Physicist and author James Trefil is known for his writing and his interest in teaching science to nonscientists. He accepted an offer of a Robinson Professorship in order to develop a new kind of science curriculum for general education, one based on developing scientific literacy among college graduates. Joined later by Robinson Professor Robert Hazen, he developed a course and textbook series that is now being used in approximately 200 colleges and universities around the country. Science Matters: Achieving Scientific Literacy, was co-authored with Robert Hazen in 1991, and in 1995 they published the textbook The Sciences: An Integrated Approach (now in the 4th edition).
Dr. Trefil’s A Scientist in the City appeared in 1994. Are We Unique?: A Scientist Explores the Complexity of the Human Brain appeared in 1997. He is a Fellow of the APS and a former Guggenheim Fellow. His numerous books and articles include works written for general audiences. He co-authored The Dictionary of Cultural Literacy (4th ed., 2003) and in 1992 published The Facts of Life (Harold Morowitz, co-author).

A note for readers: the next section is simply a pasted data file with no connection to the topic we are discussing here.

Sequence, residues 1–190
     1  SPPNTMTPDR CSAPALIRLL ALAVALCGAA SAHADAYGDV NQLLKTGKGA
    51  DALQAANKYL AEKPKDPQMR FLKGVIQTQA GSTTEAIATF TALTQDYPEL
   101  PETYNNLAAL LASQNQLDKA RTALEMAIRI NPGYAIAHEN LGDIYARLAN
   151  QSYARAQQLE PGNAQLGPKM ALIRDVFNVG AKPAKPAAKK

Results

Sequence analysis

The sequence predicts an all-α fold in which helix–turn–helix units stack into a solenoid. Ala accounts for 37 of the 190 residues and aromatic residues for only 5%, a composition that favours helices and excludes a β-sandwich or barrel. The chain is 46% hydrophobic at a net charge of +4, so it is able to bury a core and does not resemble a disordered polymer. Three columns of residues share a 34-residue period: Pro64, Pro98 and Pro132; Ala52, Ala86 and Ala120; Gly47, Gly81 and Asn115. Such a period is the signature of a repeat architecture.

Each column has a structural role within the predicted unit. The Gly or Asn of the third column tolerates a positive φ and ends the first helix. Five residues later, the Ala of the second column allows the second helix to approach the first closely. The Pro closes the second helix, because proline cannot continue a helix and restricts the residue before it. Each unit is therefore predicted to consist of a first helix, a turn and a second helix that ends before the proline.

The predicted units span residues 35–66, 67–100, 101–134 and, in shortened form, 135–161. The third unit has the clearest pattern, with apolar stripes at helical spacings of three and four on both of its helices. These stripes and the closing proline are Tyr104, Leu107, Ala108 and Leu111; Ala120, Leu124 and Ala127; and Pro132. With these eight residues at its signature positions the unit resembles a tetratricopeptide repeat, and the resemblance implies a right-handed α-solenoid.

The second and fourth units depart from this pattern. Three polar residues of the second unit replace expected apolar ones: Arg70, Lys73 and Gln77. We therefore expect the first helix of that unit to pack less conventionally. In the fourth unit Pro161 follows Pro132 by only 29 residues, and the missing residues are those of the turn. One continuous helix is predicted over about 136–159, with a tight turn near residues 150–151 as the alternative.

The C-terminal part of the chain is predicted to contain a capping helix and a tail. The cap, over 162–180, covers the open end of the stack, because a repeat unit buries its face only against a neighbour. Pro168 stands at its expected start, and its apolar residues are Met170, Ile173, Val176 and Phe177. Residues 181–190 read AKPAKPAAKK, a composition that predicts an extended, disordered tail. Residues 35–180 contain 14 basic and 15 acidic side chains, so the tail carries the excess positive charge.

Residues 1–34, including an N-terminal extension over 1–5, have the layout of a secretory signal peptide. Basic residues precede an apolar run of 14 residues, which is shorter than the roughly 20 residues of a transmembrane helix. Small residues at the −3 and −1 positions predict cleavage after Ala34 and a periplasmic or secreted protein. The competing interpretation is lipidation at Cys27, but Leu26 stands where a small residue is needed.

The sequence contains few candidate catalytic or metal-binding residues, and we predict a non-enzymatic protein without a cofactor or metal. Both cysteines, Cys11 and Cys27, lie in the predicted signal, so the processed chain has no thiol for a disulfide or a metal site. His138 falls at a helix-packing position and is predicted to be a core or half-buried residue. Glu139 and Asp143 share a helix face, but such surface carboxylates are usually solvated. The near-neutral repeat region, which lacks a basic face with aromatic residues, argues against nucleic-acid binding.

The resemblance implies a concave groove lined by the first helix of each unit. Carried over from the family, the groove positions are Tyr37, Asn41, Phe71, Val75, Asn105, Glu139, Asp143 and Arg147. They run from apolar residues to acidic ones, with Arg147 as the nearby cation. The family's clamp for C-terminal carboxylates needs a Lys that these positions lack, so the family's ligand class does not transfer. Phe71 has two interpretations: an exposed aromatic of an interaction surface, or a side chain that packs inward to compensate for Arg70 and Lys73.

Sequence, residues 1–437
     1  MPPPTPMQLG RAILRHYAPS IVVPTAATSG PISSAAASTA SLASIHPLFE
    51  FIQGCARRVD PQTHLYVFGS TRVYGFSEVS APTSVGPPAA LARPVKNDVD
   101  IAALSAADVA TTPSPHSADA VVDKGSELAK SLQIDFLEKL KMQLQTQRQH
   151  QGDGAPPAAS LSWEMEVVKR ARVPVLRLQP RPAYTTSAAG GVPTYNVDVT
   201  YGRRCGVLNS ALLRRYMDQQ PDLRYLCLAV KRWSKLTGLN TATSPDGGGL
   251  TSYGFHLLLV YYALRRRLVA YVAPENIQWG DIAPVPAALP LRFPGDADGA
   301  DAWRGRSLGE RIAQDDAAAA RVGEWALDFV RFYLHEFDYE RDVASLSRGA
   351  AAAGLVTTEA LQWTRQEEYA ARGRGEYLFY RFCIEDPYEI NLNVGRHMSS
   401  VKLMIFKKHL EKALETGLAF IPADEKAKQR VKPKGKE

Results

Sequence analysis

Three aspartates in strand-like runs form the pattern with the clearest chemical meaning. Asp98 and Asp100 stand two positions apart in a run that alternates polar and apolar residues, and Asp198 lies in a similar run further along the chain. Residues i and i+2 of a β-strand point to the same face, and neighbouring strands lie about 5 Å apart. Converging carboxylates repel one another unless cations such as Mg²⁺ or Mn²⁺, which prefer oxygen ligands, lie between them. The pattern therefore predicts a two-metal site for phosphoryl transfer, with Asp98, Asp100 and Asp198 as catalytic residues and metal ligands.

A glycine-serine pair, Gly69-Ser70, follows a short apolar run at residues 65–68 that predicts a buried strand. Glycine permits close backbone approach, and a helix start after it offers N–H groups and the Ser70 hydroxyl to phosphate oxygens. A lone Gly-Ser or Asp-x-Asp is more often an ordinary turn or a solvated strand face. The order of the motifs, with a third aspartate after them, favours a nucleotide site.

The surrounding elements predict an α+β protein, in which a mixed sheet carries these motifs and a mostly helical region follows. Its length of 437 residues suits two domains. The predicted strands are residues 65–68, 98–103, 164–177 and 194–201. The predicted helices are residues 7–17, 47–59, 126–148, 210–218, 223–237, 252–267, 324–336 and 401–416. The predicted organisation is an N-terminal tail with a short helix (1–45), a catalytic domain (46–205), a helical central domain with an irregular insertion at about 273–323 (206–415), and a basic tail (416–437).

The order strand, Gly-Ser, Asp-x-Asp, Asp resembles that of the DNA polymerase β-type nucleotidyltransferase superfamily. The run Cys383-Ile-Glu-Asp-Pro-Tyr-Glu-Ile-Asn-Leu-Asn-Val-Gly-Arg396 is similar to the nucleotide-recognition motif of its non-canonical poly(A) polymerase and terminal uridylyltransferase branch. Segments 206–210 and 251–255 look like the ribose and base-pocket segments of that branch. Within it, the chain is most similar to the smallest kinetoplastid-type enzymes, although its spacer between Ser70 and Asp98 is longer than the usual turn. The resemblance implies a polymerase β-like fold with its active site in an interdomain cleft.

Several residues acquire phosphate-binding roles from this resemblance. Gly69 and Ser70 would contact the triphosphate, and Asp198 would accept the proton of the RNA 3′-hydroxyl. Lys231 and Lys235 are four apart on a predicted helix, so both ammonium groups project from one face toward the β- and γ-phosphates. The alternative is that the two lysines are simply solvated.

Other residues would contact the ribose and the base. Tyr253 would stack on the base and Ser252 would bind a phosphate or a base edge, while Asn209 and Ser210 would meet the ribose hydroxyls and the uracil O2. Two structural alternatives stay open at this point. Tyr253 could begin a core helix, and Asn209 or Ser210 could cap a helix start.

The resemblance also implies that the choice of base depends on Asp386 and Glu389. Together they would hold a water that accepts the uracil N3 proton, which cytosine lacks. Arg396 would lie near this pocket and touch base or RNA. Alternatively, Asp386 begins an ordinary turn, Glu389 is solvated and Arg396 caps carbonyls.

The National Geographic Society published his book Other Worlds: The Solar System and Beyond in 1999. In 2002 he was the general editor of The Encyclopedia of Science and Technology, co-author of Good Seeing, a scientific history of the Carnegie Institution, and author of The Laws of Nature. His new book, Human Nature: Managing the Planet by and for Humans, was published by Holt in May 2004. He is a regular contributor to Smithsonian Magazine and was previously University Professor and Professor of Physics at the University of Virginia. He is Chief Science Consultant to a new middle school science curriculum being developed by McDougal-Littel and Houghton-Mifflin Publishing.
Dr. Trefil is a frequent keynote speaker at educational conferences and lectures to members of the federal and state judiciaries on the connection between science and the law. In 2000 American Institute of Physics chose him to receive the Andrew W. Gemant Award, presented for outstanding and sustained contributions in bridging the gap between science and society. In 2003-2004, he was a Phi Beta Kappa Visiting Scholar.
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